Maui Electric Co. and other Hawaii utilities once again were ranked among the top utilities in the country for solar power capacity.
MECO parent Hawaiian Electric Co. again was named one of the nation’s Top 10 electric utilities for the amount of solar power added to its system per customer in the the 2010 Solar Electric Power Association Utility Solar Rankings. MECO was ranked in fifth place for total solar watts per customer.
The amount of grid-connected solar is growing fast, and even a little faster than vendors had promised, if the experience of businessmen Thomas Kafsack and Josh Stone is any indication.
Both installed solar generators since the last round of SEPA solar rankings.
Kafsack, operator of Surfing Goat Dairy, just broke ground for phase two of his 43 kilowatt project, but he is pleased with phase one, which covers half his barn roof and was switched on a couple of weeks ago.
The project, designed and built by Haleakala Solar, cost more than $300,000, but after two tries Kafsack got a Renewable Energy for America grant from the Department of Agriculture to cover 20 percent of the cost.
Without the grant, he said Friday, the investment would not have made a sufficient return, but with it he will recover his costs “in under 10 years.”
We were poking around upcountry Maui and driving its narrow, twisting roads, but by midafternoon we had to turn around. We had an important date at a lower elevation.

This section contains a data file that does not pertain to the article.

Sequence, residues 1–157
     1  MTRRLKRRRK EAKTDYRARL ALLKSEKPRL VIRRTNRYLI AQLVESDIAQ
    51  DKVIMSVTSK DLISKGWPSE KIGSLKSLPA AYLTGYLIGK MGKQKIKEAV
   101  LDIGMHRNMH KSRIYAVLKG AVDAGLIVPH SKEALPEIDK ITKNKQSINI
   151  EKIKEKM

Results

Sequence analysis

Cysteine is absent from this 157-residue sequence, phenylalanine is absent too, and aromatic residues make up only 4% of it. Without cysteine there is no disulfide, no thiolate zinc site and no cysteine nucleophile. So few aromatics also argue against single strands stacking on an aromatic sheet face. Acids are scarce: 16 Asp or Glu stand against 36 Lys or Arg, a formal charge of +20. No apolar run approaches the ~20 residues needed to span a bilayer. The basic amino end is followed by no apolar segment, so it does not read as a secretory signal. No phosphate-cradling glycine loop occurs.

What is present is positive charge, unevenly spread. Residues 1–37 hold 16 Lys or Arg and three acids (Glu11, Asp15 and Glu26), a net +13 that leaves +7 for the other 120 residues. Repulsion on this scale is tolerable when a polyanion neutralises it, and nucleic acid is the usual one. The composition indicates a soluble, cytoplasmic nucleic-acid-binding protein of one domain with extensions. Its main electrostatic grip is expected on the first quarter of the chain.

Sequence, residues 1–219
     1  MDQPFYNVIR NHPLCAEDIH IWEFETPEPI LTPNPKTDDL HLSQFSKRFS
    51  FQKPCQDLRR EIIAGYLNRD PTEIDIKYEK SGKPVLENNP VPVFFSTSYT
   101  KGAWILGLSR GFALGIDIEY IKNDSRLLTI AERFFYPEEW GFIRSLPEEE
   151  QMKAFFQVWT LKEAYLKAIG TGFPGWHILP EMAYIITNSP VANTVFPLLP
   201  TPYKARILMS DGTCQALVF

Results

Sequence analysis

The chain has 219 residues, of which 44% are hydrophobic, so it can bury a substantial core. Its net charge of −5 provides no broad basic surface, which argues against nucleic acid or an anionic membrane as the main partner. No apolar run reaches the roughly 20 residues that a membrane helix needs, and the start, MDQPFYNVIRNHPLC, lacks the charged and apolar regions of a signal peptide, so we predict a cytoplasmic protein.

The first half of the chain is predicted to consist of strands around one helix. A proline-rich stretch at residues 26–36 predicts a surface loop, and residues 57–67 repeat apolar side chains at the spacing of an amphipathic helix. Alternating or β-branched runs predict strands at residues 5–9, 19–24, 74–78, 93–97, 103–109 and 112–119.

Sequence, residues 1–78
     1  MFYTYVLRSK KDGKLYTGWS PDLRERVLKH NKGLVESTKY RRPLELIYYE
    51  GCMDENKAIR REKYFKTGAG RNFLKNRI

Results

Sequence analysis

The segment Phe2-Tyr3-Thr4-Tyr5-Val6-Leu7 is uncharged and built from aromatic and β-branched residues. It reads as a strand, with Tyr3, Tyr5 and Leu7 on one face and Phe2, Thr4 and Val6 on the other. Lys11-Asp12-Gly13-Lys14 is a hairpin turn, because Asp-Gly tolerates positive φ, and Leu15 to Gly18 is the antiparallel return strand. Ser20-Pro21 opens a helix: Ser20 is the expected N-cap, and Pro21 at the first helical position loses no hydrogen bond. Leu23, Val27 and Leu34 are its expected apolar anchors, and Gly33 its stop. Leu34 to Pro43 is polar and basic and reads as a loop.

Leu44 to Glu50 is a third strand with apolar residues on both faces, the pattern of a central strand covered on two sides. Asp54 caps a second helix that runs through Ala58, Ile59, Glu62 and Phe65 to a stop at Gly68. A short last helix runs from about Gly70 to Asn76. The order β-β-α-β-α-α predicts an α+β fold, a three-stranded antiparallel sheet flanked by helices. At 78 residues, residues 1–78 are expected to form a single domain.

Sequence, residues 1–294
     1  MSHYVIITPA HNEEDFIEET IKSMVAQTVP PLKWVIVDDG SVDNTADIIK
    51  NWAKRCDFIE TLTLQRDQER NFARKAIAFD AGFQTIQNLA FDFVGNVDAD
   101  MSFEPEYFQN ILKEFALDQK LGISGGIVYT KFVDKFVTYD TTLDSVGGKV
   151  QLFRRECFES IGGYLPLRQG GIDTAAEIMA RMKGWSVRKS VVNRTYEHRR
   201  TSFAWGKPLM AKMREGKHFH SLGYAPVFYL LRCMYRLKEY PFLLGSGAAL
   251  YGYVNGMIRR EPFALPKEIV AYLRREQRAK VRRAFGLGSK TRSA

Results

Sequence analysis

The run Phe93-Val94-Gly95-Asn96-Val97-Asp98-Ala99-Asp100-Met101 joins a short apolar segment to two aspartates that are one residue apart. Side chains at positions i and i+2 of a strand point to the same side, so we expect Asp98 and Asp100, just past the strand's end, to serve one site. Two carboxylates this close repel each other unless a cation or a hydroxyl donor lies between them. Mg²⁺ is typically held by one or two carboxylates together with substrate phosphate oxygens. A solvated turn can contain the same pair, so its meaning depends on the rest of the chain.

Forget meeting friends for mai-tais or heading to Lahaina for the sunset. We were going to herd the animals at Surfing Goat Dairy.
Herding anything may be the last activity one considers for a Maui vacation. But the dairy is one of several island farms that have opened for public tours over the last few years. They offer the chance to explore the island’s back roads, meet the growers and learn something about the exotic fruits, vegetables and cheeses you’ll encounter and enjoy on Maui.
“It’s a growing national trend,” says Maui resident Charlene Kauhane, a board member of the Hawaii Agri-Tourism Association. “Visitors are looking for authentic experiences, for opportunities where they can meet locals and buy local.”
And sometimes, you just want a break from the beach. So let’s go down on the farm on Maui.
Alii Kula Lavender Farm
Even before you arrive, you’ll detect Alii Kula Lavender Farm from the lovely fragrance wafting over Upcountry. It comes from 45 lavender varieties planted over 10 acres in Haleakala’s foothills. You can meander over paths on your own, or join one of the walking tours. You’ll learn about lavender’s culinary uses and healthful benefits, as well as the farm’s dedication to practicing agriculture in a sustainable way.
Alii Lavender also offers workshops in wreath making and container gardens, and other special events.